During the last quarter of the eighteenth century, Rationalism rushed in upon the so-called Protestant Church with the force of a spring-tide. In the lecture halls of universities it was held up as a new and great light to young theologians, who afterwards preached it to the common people as true Christianity — Christianity purified. Thus Rationalism gradually became the dominant type of religion. The inevitable consequence was that the conviction that it is not a matter of indifference whether a person is a Lutheran or a Reformed or a Catholic vanished completely. The small remnant of sincere Christians who still believed and confessed with their mouths that the Holy Scriptures are the Word of God, that Jesus Christ is the Son of the living God, that man is justified before God by faith in Christ alone, — these few Christians extended to each other the right hand of brotherly fellowship, like persons saved from a great shipwreck, who, having seen most of their fellow-passengers go down to a watery grave, now embrace each other with tears of joy though they had been perfect strangers before. In this state of affairs the thought had to arise in all hearts that the time had come for putting an end to the abominable church quarrels (that is what doctrinal controversies were called) and to let down the bars that divided the churches from one another. Especially the confessions, it was held, must be removed, because, like toll-gates along a highway, they hindered progress, and, to sum up, a great universal union of the churches, at least of the Protestant churches, must at last be instituted.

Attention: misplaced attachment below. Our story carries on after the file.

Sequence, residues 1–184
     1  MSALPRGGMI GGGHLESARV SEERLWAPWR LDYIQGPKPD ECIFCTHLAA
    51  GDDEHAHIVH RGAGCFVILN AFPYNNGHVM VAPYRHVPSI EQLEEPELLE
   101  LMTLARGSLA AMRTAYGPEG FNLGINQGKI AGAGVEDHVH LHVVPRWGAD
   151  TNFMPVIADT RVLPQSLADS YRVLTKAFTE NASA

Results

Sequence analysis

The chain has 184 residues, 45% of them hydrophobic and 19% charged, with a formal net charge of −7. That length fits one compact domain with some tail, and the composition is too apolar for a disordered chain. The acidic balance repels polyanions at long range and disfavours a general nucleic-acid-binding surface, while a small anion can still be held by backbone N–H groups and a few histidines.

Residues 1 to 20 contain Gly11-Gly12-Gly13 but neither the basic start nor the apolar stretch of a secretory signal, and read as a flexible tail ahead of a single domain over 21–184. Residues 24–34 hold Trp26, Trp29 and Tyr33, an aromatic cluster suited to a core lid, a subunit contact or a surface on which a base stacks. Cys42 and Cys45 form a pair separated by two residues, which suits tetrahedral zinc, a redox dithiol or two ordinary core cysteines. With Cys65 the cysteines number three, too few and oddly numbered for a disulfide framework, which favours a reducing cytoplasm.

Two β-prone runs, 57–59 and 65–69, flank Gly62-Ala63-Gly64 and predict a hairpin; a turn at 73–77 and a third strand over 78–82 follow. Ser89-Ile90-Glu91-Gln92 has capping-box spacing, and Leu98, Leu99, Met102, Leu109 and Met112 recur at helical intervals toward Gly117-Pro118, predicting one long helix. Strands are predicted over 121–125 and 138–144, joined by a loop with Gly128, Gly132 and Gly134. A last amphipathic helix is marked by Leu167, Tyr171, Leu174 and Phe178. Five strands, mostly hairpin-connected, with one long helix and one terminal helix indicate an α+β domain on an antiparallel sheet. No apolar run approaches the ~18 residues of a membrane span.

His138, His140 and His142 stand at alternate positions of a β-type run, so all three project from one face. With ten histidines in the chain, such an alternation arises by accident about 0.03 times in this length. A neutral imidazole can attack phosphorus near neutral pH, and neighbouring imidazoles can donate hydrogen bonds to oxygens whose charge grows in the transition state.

But, lo! what happened? In the year 1817, when this plan was to be executed, Claus Harms, in whom there was still some Lutheran blood flowing, wrote ninety-five theses against Rationalism and the union of churches, which he intended as a counterpart to the Ninety-five Theses of Luther. In these theses he said to the advocates of church union: “You purpose to make the poor hand-maid, the Lutheran Church, rich by a marriage. Do not perform the act over Luther’s grave. Life will come into his bones, and then — woe to you!” This glorious prediction was fulfilled. When the union of churches was actually put into effect in Prussia, multitudes of Lutherans suddenly awoke from their spiritual sleep, remembered that they belonged to the Lutheran Church, and declared that they would never forsake the faith of their fathers. In fact, they chose to see themselves evicted from their homes, imprisoned, and expatriated rather than consent to a union of truth with error, of the Word of God with man’s word, of the true Church with a false Church.
(C.F.W. Walther, “Law and Gospel, Thirty-second Evening Lecture,” delivered June 19, 1885)
Prayer: Almighty God, we praise You for the men and women You have sent to call the Church to its tasks and renew its life, such as You servant Pastor Harms. Raise up in our own day teachers and prophets inspired by Your Spirit, whose voices will give strength to Your Church and proclaim the reality of Your kingdom; through Your Son, Jesus Christ our Lord. Amen.
Blessings in Christ